Marc:

Has the audience you’ve played over the years changed, I mean, you’ve been playing for nearly 20 years at this stage, do you find that there’s a new young fan at your current gigs, just like the teenagers you were playing to when you started out?

Christy:

Yeah, the Made in Dublin thing was a weird yolk, you know, like when we started the acoustic thing, that was the natural conclusion, that was as far as we could take that unplugged thing, you know. We were down five nights in Vicars Street, and you’re getting a few bob for it, so rather than take the money out of the thing, we said we’d use it to record the gig for posterity. You know we could have all took five or six grand each and said that was great.

We work independently, what we do is we record and then license it out to whatever label happens to be kinda going at the time.

So everybody, all the record companies said live albums don’t sell, they only sell a coupla thousand albums, and nobody really wanted to do it. So we just went ahead and done it ourselves, but the whole thing, its really after taking off. like I think it’s gone fucking triple Platinum or something in this country, the Made in Dublin album. It’s the biggest album we’ve ever had. I’ve noticed at gigs now we’ve kind of got people from 16 up, you know, to fucking 40. It’s a real weird one, right across the board, it’s a weird one.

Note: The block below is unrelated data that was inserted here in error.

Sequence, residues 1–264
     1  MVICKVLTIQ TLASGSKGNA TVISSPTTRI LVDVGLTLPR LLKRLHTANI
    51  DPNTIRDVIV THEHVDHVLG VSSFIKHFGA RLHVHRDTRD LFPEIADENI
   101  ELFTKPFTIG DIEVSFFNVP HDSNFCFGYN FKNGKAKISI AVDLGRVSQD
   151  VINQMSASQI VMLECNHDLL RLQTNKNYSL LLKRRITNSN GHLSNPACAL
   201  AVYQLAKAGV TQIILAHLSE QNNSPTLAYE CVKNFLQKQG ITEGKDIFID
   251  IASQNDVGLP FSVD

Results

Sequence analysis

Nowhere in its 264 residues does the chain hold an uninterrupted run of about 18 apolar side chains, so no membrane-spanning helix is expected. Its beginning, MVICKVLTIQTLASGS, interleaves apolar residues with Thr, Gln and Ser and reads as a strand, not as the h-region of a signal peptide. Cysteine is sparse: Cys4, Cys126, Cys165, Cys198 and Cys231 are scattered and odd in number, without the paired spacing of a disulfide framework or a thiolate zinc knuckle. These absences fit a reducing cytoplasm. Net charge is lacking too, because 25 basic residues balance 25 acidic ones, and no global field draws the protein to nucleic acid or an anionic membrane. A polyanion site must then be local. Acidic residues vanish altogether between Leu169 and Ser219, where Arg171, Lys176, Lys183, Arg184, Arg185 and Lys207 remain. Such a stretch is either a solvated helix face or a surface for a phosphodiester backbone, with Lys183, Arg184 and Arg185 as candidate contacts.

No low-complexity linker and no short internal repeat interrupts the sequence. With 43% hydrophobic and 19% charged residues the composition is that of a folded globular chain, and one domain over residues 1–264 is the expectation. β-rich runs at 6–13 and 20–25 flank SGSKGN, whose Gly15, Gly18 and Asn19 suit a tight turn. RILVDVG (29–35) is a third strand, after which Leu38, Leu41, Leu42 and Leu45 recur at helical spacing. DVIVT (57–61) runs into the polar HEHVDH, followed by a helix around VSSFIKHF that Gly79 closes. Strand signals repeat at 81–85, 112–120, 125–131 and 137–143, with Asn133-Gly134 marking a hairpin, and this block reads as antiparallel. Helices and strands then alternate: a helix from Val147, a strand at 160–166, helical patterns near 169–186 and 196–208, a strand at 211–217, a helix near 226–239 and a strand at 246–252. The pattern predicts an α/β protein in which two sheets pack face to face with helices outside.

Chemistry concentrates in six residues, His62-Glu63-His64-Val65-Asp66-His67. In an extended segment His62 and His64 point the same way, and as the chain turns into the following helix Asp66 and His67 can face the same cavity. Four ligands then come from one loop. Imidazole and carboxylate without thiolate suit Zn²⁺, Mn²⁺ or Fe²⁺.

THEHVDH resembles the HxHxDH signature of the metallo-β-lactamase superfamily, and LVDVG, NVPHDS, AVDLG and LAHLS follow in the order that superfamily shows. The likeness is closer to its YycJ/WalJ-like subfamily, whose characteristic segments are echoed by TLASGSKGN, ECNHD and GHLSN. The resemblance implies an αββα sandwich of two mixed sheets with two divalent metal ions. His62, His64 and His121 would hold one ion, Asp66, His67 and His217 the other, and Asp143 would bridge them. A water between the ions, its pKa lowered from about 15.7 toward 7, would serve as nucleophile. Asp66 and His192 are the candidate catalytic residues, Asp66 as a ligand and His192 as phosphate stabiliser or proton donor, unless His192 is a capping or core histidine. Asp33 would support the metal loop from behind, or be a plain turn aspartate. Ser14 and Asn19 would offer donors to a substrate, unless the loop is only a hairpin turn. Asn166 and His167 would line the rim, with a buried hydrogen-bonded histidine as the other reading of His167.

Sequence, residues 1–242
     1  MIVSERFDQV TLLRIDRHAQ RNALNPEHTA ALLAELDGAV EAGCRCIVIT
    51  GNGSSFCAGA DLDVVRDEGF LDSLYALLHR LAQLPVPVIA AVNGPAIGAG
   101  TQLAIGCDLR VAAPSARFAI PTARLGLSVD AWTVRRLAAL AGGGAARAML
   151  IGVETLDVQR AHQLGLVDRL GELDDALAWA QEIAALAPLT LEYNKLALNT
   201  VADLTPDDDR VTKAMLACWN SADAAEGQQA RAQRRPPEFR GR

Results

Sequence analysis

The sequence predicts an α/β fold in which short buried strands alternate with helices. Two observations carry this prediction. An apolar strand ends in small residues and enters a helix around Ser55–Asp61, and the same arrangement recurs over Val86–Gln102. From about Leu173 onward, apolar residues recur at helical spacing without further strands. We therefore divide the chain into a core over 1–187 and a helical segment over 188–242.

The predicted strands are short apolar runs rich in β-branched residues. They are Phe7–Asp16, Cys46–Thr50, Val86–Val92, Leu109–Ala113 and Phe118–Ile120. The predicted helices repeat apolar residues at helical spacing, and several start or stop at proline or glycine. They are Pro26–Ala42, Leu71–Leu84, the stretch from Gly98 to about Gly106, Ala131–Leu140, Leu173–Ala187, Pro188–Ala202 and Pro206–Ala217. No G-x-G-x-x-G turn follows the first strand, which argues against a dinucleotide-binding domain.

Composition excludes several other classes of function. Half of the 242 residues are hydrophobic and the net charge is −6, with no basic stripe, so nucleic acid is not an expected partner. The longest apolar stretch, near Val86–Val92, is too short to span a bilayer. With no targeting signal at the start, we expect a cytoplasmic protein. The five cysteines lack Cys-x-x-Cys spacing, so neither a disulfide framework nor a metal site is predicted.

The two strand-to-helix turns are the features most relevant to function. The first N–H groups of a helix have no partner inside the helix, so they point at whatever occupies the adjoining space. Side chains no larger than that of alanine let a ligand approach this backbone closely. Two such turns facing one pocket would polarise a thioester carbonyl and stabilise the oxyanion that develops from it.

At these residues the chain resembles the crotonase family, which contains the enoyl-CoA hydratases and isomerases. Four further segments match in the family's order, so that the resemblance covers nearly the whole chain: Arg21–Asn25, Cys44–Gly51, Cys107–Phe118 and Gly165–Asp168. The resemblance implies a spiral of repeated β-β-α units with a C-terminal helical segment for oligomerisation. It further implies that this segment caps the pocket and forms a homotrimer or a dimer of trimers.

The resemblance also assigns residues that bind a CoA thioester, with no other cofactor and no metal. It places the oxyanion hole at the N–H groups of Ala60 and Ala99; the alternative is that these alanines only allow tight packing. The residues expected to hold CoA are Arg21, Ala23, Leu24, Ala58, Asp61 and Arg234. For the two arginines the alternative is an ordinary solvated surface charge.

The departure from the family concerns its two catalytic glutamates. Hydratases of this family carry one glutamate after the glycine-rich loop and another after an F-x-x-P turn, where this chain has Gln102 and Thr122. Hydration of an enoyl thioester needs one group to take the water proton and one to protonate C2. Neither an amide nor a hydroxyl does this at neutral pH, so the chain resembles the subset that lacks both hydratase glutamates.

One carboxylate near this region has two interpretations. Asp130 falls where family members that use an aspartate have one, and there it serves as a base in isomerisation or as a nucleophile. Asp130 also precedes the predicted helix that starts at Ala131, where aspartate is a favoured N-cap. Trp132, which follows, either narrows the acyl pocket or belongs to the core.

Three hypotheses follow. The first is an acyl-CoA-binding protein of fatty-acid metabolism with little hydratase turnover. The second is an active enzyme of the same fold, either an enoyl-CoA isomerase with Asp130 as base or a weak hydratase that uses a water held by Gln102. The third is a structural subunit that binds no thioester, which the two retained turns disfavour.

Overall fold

Marc:

It is great, cos I’m 28, and I remember when the stuff was coming out in the first place, and yourselves and the Stunning and Something Happens and the 4 of Us, and that just doesn’t seem to be around anymore. I mean, Temple Bar seems to be getting a bit of interest back up again, do you think that’s good for the Irish Music scene? All those venues for live music that seemed have disappeared into the mists of the early ’90s have found a home in Temple Bar.

Christy: